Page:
Two public meetings upcoming for project at Union Station to improve subway capacity

Earlier today Metro released the Notice of Preparation (NOP) for the Division 20 Portal Widening and Turnback Facility project, formerly known as the Red/Purple Line Core Capacity Improvements. The project was environmentally cleared as an Initial Study/ Mitigated Negative Declaration in March 2017. The design team has since been looking at design changes to improve the turnback facility and has determined that the project will be cleared through an Environmental Impact Report (EIR).

Two public scoping meetings will be held for the project that will allow Red and Purple Line subway trains to turn around more quickly at Union Station. The project will also make it possible to run more trains on both lines and to create faster headways (time between trains) between Union Station, Wilshire/ Vermont and Civic Center Stations.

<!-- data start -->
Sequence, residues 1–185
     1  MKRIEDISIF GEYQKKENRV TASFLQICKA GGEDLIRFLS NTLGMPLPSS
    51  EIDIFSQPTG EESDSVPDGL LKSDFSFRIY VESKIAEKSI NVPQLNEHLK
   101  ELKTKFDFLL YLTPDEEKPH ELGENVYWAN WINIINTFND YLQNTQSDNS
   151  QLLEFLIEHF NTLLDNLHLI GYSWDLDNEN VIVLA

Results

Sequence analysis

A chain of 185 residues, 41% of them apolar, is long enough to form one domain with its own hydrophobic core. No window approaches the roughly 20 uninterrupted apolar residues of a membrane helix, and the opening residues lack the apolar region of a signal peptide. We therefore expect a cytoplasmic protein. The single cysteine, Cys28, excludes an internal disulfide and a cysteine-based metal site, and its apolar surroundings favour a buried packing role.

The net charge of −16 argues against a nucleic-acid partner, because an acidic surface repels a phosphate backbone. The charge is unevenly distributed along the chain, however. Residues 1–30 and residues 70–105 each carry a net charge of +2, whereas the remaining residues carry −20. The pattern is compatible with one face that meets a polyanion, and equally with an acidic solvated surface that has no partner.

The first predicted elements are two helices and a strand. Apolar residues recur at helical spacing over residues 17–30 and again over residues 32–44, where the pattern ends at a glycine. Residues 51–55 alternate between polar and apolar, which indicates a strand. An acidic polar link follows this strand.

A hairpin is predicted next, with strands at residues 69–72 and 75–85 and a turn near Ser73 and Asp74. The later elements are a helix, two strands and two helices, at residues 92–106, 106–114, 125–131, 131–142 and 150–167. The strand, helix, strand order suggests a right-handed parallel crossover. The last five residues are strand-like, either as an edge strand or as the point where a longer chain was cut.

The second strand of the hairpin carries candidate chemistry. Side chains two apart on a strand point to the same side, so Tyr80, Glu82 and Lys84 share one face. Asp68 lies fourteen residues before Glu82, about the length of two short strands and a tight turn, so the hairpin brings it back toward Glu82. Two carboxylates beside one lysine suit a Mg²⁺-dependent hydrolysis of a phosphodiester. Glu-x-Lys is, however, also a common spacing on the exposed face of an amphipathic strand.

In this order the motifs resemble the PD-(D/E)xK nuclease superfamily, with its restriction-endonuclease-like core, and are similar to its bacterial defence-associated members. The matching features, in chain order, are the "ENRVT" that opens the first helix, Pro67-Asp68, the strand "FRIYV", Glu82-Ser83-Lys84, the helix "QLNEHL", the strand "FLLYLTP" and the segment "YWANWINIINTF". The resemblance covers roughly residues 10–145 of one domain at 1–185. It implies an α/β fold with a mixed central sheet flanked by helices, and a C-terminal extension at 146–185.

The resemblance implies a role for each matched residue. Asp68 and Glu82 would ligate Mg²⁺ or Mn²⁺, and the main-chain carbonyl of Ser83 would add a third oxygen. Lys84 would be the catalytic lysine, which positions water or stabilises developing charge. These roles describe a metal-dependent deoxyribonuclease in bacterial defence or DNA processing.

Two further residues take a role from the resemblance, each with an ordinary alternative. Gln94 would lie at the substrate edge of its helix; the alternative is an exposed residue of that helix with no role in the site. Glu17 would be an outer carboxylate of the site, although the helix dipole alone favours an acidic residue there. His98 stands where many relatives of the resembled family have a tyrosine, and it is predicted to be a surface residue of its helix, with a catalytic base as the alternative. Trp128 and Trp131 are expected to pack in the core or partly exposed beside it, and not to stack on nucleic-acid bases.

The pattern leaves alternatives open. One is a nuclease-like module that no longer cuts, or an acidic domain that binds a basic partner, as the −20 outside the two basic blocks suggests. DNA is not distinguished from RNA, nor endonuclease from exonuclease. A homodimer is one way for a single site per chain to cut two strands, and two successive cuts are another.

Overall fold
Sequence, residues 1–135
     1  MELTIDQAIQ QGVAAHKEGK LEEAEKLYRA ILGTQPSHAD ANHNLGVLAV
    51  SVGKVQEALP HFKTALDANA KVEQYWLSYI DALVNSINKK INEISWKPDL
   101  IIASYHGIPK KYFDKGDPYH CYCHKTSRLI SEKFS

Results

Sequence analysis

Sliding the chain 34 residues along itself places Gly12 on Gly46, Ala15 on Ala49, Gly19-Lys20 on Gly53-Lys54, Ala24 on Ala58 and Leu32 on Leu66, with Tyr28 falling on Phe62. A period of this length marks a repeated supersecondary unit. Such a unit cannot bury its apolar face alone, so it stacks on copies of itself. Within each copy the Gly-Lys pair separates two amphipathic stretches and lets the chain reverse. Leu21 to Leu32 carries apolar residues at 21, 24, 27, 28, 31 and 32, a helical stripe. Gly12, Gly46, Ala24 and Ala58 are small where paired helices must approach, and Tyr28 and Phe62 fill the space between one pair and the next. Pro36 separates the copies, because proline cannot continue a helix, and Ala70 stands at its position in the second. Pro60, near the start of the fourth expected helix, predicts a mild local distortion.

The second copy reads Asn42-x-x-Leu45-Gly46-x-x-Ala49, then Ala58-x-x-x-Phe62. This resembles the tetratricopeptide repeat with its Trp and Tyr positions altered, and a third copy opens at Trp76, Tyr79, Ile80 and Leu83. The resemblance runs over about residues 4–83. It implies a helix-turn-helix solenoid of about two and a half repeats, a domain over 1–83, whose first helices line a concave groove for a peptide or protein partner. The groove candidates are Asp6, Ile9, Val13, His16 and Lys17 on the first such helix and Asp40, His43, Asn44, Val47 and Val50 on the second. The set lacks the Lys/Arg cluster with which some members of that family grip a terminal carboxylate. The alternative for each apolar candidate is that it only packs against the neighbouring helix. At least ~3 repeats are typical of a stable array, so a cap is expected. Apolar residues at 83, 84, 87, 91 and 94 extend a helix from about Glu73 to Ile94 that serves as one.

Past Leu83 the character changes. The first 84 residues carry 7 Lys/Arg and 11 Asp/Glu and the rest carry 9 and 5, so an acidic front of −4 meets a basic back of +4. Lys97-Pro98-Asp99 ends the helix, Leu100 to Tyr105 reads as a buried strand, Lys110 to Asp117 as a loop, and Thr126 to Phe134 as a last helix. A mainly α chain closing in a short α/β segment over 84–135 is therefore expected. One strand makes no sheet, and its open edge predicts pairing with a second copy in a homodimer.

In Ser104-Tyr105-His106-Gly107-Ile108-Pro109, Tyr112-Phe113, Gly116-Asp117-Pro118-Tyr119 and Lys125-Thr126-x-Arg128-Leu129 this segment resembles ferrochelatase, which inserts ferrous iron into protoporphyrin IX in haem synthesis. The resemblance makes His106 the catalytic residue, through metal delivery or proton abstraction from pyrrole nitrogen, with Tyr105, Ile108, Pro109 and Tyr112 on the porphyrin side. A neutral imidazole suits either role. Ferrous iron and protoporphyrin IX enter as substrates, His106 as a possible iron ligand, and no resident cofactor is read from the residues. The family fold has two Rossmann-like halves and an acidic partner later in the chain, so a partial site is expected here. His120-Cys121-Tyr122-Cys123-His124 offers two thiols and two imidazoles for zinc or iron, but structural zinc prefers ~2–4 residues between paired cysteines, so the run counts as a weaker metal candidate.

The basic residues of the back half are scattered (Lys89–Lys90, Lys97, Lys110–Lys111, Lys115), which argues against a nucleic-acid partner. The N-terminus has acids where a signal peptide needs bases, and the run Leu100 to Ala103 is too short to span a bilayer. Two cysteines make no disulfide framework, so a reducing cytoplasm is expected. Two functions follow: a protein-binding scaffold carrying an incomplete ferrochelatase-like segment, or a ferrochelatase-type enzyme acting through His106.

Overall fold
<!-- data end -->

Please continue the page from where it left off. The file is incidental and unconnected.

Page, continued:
A view of the rail yards for the Red/Purple Line subway and the entrance to the tunnel at bottom left. Photo by Steve Hymon/Metro.

The meeting dates and locations are:

Wednesday, October 25, 2017 
6:30 p.m. to 8 p.m. 
Art Share L.A.
801 East 4th Place
Los Angeles, CA 90013
Street parking only.

Wednesday, November 8, 2017 
3 p.m. to 5 p.m. 
Japanese American Cultural and Community Center
Japanese Cultural Room, Floor 5
244 S. San Pedro Street
Los Angeles, CA 90012